Efficacy and Safety of Baricitinib Combined With Topical Corticosteroids for Treatment of Moderate to Severe Atopic Dermatitis: A Randomized Clinical Trial | Allergy and Clinical Immunology | JAMA Dermatology | JAMA Network
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Figure 1.  CONSORT Diagram
CONSORT Diagram

TCS indicates topical corticosteroid.

aOne patient failed screening and was randomized in error, and 1 patient was noncompliant with study visits.

Figure 2.  Efficacy and Health Outcomes
Efficacy and Health Outcomes

Data were assessed for patients in the intention-to-treat population and analyzed with a logistic regression model with nonresponder imputation for response rates and mixed-models repeated-measure analysis or analysis of covariance for least-squares mean change from baseline. ADSS indicates Atopic Dermatitis Sleep Scale; EASI, Eczema Area and Severity Index; NRS, Numeric Rating Scale; TCS, topical corticosteroid; and vIGA-AD, validated Investigator Global Assessment for Atopic Dermatitis.

aAssessed for patients with a baseline Itch NRS score of 4 or greater.

bAssessed for patients with a baseline Skin Pain NRS score of 4 or greater.

cAssessed for patients with a baseline ADSS Item 2 score greater than 1.

Table 1.  Baseline Demographics and Disease Characteristicsa
Baseline Demographics and Disease Characteristicsa
Table 2.  Primary and Key Secondary Outcomes in the Intention-to-Treat Populationa
Primary and Key Secondary Outcomes in the Intention-to-Treat Populationa
Table 3.  Safety Overview in the Safety Populationa
Safety Overview in the Safety Populationa
Supplement 2.

eAppendix. Study Investigators, Inclusion Criteria, and Exclusion Criteria

eMethods. Supplementary Methods

eFigure 1. Study Design

eFigure 2. Results for Graphical Multiple-Testing Procedure: US/Japan

eFigure 3. Results for Graphical Multiple-Testing Procedure: EU

eFigure 4. Percent Change From Baseline in the Total EASI Score and Proportion of Patients Achieving a 90% Improvement in the Total EASI Score Over Time

eFigure 5. Percent Change From Baseline in Itch NRS Over Time

eFigure 6. Proportion of Patients Achieving a ≥4-Point Improvement in the Itch NRS Response During the First Week of Treatment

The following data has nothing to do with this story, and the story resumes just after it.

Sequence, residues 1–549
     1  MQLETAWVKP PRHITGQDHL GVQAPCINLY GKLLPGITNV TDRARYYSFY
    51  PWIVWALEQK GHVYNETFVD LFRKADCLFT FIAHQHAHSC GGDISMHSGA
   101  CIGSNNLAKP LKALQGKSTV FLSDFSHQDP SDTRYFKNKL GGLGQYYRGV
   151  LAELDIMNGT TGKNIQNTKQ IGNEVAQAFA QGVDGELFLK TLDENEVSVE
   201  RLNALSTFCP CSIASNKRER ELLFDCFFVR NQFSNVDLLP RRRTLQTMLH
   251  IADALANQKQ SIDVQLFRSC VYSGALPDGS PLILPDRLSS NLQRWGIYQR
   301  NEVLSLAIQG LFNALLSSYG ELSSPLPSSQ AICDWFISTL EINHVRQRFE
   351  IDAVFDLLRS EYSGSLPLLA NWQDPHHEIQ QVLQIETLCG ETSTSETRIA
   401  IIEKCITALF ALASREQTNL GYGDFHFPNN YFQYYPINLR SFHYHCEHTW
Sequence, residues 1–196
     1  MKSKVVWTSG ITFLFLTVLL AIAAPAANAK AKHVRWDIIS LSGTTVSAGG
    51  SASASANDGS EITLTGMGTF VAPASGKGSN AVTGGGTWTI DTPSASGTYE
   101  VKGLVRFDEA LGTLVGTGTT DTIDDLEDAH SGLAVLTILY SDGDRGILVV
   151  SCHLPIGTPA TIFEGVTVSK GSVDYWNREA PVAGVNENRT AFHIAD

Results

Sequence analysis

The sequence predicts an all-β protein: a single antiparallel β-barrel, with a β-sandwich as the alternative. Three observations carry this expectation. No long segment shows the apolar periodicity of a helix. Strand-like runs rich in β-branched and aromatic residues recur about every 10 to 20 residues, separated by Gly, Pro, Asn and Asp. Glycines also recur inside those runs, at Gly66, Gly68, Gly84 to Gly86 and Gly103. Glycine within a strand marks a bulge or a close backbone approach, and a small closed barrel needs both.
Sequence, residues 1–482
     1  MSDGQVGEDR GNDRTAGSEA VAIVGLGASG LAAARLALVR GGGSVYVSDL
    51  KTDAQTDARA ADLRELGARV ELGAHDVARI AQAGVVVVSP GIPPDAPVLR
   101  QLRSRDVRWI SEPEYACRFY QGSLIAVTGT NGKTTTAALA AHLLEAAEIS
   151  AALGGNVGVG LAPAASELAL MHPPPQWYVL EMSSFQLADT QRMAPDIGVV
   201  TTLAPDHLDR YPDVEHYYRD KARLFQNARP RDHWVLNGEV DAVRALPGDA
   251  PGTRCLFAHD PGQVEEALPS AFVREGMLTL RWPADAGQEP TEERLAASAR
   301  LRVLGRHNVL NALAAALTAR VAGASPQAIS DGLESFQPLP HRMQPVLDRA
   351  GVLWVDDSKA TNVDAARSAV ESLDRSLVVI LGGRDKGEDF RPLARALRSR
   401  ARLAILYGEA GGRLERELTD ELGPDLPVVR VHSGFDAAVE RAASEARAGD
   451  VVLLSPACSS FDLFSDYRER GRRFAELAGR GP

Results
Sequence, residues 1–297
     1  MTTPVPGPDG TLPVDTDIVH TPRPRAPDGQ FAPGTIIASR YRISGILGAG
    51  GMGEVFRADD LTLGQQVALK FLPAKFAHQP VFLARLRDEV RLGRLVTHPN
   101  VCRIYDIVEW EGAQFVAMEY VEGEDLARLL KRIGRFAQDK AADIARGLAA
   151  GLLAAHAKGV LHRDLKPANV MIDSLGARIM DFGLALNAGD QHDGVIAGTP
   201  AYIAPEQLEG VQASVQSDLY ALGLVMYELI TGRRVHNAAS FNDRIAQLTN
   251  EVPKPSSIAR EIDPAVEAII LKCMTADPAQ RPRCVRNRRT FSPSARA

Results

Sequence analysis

eFigure 7. Change From Baseline in Skin Pain NRS Over Time

eFigure 8. Proportion of Patients Achieving a ≥1.5-Point Improvement in the ADSS Item 2 Score Over Time

eFigure 9. Change From Baseline in the Total POEM Score and the Proportion of Patients Achieving a ≥4-Point Improvement in the Total POEM Score Over Time

eFigure 10. Change From Baseline in the Total DLQI Score and the Proportion of Patients Achieving a DLQI Score of 0 or 1 Over Time

eFigure 11. Mean Proportion of Time Without Use of Background Topical Corticosteroids and Mean Gram Quantity of Sponsor-Provided Moderate Potency Topical Corticosteroids Used Over 16 Weeks in the Intent-To-Treat Population, Responders Population, and Nonresponders Population

eResults. Supplementary Results

eTable 1. Summary of Atopic Dermatitis Treatment History at Baseline

eTable 2. Other Efficacy and Health Outcomes Secondary Endpoints in the Intent-to-Treat Population

eTable 3. Mean Number of Days and Proportion of Time Without Use of Background Topical Corticosteroids Over 16 Weeks in the Intent-to-Treat Population, Responders Population, and Nonresponders Population

eTable 4. Mean Gram Quantity of Sponsor-Provided Topical Corticosteroids Used Over 16 Weeks in the Intent-to-Treat Population, Responders Population, and Non-Responders Population

eTable 5. Summary of Patients Rescued and Rescue Medications Used

eTable 6. Summary of Serious Adverse Events by System Organ Class and Preferred Term

eTable 7. Elevations in Creatinine Phosphokinase by CTCAE Grading

eTable 8. Important Changes in Laboratory Analytes

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    Original Investigation